HDR - It's Coming! BSC Expo 2018 Seminar

I recently attended the British Society for Cinematography Expo in London (BSC Expo 2018) and, amongst many things, sat in on an excellent seminar about HDR. Here's my take on if (and when) I need to offer HDR to my corporate clients around Cambridge, UK.

Although they did not know it, whilst I was having a coffee and snack at the BSC Expo in Battersea, two of the presenters of the 'HDR, the good, the bad and the beautiful' seminar came and sat at the table I was on. They then discussed in some detail how they were going to handle the afternoon presentation and some of the display/technical issues they were having in being able to try and successfully show HDR content to the audience. It was interesting eavesdropping! This was because of a technical miss-understanding about the seminar hall's main screen - which they had discovered was incapable of displaying HDR. Luckily, one of the manufacturers at the BSC Expo had loaned them a HDR TV screen at the last minute!


The packed hour long seminar was a very good technical grounding for me in what HDR (High Dynamic Range) is - and what it is not. There were several panel members: a Colourist, some good DoPs (who recently started shooting HDR content for Netflix, the BBC etc.) as well as a representative from Dolby Vision. It was clear to me that HDR is definitely here to stay even though there are still some technical delivery/format issues and a lot of confusion about the main competing systems. Here to stay because a lot of cameras available now can capture HDR footage and because all the HDR displays that are rapidly appearing will (or should) recognise a flag in the media's metadata which will automatically switch the display to HDR output. If it's not a HDR capable display, or a HDR display with SDR (Standard Dynamic Range) content selected, then the media will just playback what we're currently used to - i.e. it'll just look, well, normal!

It seems that as more and more HDR displays appear over the next few years this automatic display "switching" will be a key thing that helps instant adoption - since no end user/viewer input will be required. You won't even need to press any button on the remote/device. You just need a HDR screen and the rest happens 'as if by magic', assuming what you've selected to play is available in HDR. What's more, the HDR content will be played back exactly as the Director intended (no massaging/tinkering of the video by the display device itself - all of that is bypassed). This is ideal!!!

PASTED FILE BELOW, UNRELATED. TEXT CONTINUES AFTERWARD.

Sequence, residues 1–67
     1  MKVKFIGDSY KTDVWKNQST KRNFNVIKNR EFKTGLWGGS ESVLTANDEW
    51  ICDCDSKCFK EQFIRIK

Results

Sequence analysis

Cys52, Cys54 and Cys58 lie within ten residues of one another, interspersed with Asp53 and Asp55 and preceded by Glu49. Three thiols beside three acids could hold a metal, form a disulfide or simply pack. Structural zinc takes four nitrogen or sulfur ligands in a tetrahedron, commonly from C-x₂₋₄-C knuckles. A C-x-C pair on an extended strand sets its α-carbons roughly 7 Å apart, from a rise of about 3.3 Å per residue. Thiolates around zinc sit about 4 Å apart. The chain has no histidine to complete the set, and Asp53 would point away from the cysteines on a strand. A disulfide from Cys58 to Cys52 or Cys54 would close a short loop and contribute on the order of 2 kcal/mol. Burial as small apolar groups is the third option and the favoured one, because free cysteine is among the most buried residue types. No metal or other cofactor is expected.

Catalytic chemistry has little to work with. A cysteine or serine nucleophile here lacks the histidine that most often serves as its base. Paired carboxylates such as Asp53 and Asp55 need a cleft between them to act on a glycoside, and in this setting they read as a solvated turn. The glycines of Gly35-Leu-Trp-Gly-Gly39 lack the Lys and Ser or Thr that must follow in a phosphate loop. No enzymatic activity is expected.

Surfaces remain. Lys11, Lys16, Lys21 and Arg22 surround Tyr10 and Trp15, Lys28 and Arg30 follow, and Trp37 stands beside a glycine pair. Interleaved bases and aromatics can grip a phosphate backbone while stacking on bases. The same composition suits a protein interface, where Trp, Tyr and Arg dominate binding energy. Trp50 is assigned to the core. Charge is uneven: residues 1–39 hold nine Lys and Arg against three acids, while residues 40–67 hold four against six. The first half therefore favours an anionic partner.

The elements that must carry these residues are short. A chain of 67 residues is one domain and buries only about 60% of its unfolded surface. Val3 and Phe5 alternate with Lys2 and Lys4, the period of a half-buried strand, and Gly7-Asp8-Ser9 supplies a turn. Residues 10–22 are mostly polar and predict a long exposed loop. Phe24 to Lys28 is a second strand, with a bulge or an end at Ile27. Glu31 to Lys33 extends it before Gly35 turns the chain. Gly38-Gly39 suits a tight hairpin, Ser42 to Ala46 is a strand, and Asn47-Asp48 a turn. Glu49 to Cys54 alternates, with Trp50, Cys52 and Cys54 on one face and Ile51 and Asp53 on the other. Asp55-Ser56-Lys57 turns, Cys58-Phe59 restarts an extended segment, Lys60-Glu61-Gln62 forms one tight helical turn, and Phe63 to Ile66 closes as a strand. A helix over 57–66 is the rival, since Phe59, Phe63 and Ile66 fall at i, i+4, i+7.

The bulk of the panel discussion covered the issues in learning how best to capture, monitor, edit and grade HDR content (interesting deep technical and unexpected stylistic aspects were discussed) and then how to deliver it. HDR is not necessarily 4K either, something that TV manufacturers don't tell you/I did not realised before! I'll state it again. What was clear was that HDR is coming and it's here to stay - unlike the last episode of the TV industry trying to shift lots of flat panels - the dreaded 3D. Now, where did I leave those funny 3D glasses…

What was also clear to me is that now, as the technology is still evolving, is way too soon for me to start to worry about offering it to my corporate clients! For a start I'd have to buy an expensive HDR display and monitoring equipment plus learn a (even more) time consuming shooting/monitoring/editing/grading workflow (= higher cost to the clients). Also, some of my (especially big) clients are still struggling with streaming, network delivery and/or display issues with anything I deliver to them in 4K - so HDR would probably be a step to far in that mix!

But HDR is coming, and once a few things are worked out it really will be beautiful. Netflix and Amazon in particular are pushing it big time. For sure, the demo material that was shown was truly stunning, even though it was just in Full HD and just on a large TV panel (it was a huge hall, but I was sat near the front). Jaw dropping stuff!

I'll be keeping an eye on HDR, especially now that I understand it a lot better!